In the era of greenwashing legislation, it’s normal to be suspicious of the legitimacy of measures in the sustainability sphere. One contentious topic is carbon offsetting, with more companies than ever calling themselves “climate neutral” or “climate positive”. So, what exactly is carbon offsetting, and is it a legitimate strategy for consumers and businesses?

The dangers of a warming planet

Here’s the gist: industries from transport to agriculture to fashion burn fossil fuels to produce goods, releasing large amounts of carbon dioxide, a greenhouse gas, into the air. This gas traps heat in Earth’s atmosphere, leading to an increase in global temperatures. 

Temperatures have already hit a 1°C increase, and the crucial Paris Agreement in 2015 set a goal to limit global warming to well below 2, preferably to 1.5°C, compared to pre-industrial levels. According to ClientEarth, “Warming above 1.5°C risks further sea level rise, extreme weather, biodiversity loss and species extinction, as well as food scarcity, worsening health and poverty for millions of people worldwide.”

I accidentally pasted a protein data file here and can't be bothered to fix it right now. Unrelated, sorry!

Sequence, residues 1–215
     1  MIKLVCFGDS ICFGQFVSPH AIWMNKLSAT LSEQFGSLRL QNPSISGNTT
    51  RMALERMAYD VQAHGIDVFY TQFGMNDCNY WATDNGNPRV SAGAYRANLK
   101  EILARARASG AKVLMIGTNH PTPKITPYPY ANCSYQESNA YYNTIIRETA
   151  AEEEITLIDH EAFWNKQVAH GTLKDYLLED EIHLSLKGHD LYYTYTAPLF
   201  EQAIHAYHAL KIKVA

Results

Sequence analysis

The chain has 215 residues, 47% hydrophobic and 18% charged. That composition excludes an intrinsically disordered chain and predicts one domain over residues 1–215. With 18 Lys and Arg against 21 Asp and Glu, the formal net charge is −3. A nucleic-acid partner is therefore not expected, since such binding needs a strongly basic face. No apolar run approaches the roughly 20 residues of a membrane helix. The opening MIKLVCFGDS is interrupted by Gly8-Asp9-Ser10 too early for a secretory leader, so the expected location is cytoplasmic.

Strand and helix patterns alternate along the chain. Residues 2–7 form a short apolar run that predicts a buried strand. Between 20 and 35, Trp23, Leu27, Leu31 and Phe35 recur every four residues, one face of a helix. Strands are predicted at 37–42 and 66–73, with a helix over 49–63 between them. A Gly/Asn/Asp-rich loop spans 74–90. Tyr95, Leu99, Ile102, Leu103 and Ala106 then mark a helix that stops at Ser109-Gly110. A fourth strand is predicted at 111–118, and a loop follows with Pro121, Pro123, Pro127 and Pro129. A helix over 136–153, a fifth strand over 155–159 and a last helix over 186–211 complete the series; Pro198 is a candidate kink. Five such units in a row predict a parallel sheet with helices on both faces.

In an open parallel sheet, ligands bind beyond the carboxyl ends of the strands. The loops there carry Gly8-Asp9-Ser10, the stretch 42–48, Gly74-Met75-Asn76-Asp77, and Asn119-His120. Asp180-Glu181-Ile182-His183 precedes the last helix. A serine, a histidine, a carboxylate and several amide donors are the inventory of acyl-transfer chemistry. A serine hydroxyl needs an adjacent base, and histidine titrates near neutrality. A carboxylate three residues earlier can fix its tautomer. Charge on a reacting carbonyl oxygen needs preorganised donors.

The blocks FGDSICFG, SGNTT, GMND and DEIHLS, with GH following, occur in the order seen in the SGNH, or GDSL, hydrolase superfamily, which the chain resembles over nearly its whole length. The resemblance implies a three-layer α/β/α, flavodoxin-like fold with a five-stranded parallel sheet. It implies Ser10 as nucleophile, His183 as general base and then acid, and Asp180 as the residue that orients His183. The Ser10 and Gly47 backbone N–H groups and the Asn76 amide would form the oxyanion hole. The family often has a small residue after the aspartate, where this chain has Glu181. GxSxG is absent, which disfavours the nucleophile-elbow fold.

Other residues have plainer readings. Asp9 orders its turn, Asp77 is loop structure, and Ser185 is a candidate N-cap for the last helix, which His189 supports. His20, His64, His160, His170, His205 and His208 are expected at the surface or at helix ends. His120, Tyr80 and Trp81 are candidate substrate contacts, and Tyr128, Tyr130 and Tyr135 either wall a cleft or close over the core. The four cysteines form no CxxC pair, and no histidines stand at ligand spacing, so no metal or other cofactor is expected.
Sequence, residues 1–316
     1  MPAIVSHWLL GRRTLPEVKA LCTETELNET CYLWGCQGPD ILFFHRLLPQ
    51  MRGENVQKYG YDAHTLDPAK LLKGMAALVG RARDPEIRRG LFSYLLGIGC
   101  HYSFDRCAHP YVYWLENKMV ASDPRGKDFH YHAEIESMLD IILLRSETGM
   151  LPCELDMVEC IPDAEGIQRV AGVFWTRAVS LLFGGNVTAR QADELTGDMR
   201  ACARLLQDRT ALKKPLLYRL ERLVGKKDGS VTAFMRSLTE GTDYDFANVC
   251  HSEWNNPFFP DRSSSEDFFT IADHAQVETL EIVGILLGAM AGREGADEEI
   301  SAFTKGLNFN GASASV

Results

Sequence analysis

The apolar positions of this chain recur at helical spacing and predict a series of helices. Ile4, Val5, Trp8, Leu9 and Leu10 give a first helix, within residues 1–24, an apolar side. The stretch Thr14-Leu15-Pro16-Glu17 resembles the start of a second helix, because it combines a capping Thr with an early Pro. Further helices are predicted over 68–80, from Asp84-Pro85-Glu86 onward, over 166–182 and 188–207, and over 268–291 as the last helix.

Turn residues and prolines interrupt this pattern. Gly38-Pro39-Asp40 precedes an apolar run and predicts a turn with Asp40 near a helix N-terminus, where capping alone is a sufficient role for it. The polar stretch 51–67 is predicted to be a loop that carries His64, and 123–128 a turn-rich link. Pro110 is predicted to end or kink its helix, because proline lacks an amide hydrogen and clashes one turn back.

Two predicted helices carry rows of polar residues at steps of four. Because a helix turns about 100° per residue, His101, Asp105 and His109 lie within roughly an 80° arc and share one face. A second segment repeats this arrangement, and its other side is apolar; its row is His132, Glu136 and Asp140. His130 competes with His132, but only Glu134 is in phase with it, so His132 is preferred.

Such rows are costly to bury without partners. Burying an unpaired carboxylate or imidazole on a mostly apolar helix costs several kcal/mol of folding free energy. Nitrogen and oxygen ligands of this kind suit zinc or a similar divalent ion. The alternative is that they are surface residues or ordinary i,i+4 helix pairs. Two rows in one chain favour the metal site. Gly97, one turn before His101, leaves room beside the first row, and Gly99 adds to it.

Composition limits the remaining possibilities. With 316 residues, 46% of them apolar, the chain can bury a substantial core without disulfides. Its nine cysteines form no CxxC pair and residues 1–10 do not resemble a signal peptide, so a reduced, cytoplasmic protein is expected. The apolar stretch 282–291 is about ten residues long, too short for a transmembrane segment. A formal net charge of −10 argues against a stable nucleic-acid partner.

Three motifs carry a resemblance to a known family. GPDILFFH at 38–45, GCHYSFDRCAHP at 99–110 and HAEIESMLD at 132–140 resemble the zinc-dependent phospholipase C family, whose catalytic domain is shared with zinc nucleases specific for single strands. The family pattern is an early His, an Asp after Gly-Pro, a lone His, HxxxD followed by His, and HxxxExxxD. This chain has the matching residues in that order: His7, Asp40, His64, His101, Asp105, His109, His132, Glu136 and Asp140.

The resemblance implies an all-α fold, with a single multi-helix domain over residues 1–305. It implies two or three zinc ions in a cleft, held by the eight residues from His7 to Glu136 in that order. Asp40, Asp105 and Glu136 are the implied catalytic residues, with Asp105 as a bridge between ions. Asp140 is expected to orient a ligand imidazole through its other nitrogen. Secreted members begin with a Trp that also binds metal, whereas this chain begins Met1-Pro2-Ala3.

Something needs to change for humanity to thrive well into the future, and a popular yet contentious solution in recent decades is carbon offsetting. So, what exactly is carbon offsetting, and is it a legitimate strategy for consumers and businesses? Let’s take a look.

What exactly is carbon offsetting?

Carbon offsetting is a concept which first arose in the late 1980s that involves taking action to balance out or reduce one's "carbon footprint". This is usually achieved by investing in environmentally-friendly projects such as renewable energy or reforestation or by purchasing carbon credits from organisations that have reduced their carbon emissions beyond regulatory requirements.

The idea behind carbon offsetting is that it allows individuals and organisations to mitigate their environmental impact by funding efforts to reduce carbon emissions elsewhere. However, it's not clear-cut, and there are benefits and limitations to consider.

The benefits and limitations of carbon offsetting

For consumers

For the conscious consumer, there are several potential benefits to carbon offsetting:

  • May reduce personal carbon footprint: By offsetting carbon emissions, individuals can theoretically reduce their carbon footprint, allowing them to feel better about their role in the fight against climate change.
  • Flexible and easy to implement: Carbon offsetting can be done by purchasing carbon credits, which are easy to obtain quickly and without much effort.
  • Promotes environmental sustainability: By funding projects that reduce carbon emissions, carbon offsetting helps to promote environmental sustainability by supporting the development of clean technologies and reducing greenhouse gas emissions.